The stories are more than entertainment, Geisler points out. "Religious storytellers use stories to teach religion. Psychologists use stories in working with patients. They use them in hospices in working with dying people, in convalescent homes with the old. With children, stories help develop imagination and a sense of humor. With cultural groups, stories preserve a sense of history."

Caroline Feller Bauer, a former librarian who is now an author, lecturer and storyteller, uses stories to attract people--especially children--to books.

"I rarely talk about the philosophical reasons for storytelling," said Bauer, who lives in Huntington Beach and is internationally known in storytelling circles. "I tell stories because they're fun. But every story I tell is from a book because I want to get people interested in books." Bauer, author of "Handbook for Storytellers" and "This Way to Books," was guest speaker at the festival.

Both Bauer and Geisler believe that storytelling does not have to be done before an audience of children to be successful.

Adults Like Stories, Too

"A lot of people think that you can only tell stories to preschool children," Geisler said. "But I have told stories to junior high, high school and adult groups, and I've had everyone listening, enraptured. I think the ideas of overcoming the giants in our lives, or of stealing a little bit of love, are universal and know no age limits."

The audience--all adults--at Saturday's festival repeatedly demonstrated that Bauer and Geisler may be right. During the storytelling concert that ended the daylong meeting, listeners appeared spellbound as story after story was presented simply and powerfully--in most cases, without props.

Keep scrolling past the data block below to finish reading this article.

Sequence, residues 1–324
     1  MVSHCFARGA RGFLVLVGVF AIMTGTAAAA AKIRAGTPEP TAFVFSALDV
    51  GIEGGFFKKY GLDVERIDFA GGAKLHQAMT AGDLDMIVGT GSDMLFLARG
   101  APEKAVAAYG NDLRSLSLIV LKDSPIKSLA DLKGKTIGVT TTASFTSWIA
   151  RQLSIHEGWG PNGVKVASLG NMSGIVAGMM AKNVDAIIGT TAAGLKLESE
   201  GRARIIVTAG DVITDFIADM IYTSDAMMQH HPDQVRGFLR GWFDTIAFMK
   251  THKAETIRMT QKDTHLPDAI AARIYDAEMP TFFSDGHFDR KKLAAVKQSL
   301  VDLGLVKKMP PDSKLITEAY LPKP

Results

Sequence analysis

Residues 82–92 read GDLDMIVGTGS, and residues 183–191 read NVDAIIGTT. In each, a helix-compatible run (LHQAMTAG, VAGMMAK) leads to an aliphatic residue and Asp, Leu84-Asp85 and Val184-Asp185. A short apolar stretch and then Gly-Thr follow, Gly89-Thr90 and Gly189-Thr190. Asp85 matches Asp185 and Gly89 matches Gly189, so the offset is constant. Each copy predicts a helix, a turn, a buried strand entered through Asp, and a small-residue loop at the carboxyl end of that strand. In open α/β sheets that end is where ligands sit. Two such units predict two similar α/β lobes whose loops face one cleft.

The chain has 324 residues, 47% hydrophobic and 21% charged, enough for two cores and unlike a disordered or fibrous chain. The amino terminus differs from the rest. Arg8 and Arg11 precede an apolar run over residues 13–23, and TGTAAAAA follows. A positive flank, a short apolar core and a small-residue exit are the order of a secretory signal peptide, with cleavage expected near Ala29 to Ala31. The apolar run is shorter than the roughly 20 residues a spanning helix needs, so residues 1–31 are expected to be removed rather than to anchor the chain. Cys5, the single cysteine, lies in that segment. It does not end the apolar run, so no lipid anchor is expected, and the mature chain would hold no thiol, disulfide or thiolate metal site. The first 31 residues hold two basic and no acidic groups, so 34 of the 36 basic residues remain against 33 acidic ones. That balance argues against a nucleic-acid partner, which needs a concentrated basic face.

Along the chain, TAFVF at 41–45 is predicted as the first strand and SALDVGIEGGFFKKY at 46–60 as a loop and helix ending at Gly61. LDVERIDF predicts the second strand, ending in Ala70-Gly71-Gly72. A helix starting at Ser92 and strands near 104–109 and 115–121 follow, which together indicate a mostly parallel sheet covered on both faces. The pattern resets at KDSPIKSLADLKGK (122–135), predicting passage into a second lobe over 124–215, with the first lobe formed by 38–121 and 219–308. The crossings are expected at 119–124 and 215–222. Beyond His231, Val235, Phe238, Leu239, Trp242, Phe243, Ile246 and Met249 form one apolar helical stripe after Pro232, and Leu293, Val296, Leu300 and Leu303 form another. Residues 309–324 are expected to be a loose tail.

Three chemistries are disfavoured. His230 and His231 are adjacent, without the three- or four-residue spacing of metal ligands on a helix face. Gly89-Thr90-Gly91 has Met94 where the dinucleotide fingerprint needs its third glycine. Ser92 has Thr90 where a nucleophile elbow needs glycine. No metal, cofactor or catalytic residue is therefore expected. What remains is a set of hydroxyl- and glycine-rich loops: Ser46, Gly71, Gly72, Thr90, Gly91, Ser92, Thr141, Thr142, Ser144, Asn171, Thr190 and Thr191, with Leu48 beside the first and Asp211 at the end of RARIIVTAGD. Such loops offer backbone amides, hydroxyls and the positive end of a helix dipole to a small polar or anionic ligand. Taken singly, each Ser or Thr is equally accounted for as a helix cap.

The only rule is that speakers may not use notes of any kind. Everything must be told from memory. Techniques vary from person to person, but many use accents, dialects and body movements to enhance their tales. Others stand or sit perfectly still and produce a convincing dramatic effect by merely reciting a simple story.

Storytellers at the festival included Janet Woo, who told an old Chinese folk tale about a magic kettle. Martha Stevens told a short but moving story about the creation of man. Kathleen Zundel and John Bennett together told a story based on an old joke, called "No News." Katy Rydell offered a traditional Maine folk tale called "Old Sticks," and Lily Kuroda of Garden Grove used paper folding to illustrate her story about a little boy who wanted to be a sea captain.

Story topics were as diverse as the people attending the festival. Geisler, who specializes in out-of-the-ordinary stories, told a very unorthodox version of "Little Red Ridinghood."

Fairy-Tale Variations

"I like to tell turn-around fairy-tales," she said. "Stories like 'Mollie Whuppie,' which is just as old as 'Jack and the Beanstalk' but features a girl instead of a boy as the main character. Other storytellers like to tell things like 'The Three Bears,' and that's fine too. Stories can be anything you want--things you have written yourself, old fairy tales, folk tales. They can be funny, sad, scary. People love ghost stories."

Geisler tells stories at many schools in the San Diego area, and likes to get her young audiences involved. "It's good for their imagination. And it gets them interested in writing stories of their own."

To encourage audience participation, Geisler, upon finishing her story, produces a pack of index cards. Each card has a single word--such as witch, frog, rose, star, river--written on it. She then asks the children to pick two cards and to make up a story about the words written on the cards.

"We've come up with some pretty interesting stories," she said.

"We once killed off an evil dragon by having him break-dance himself to death at McDonald's--on his head."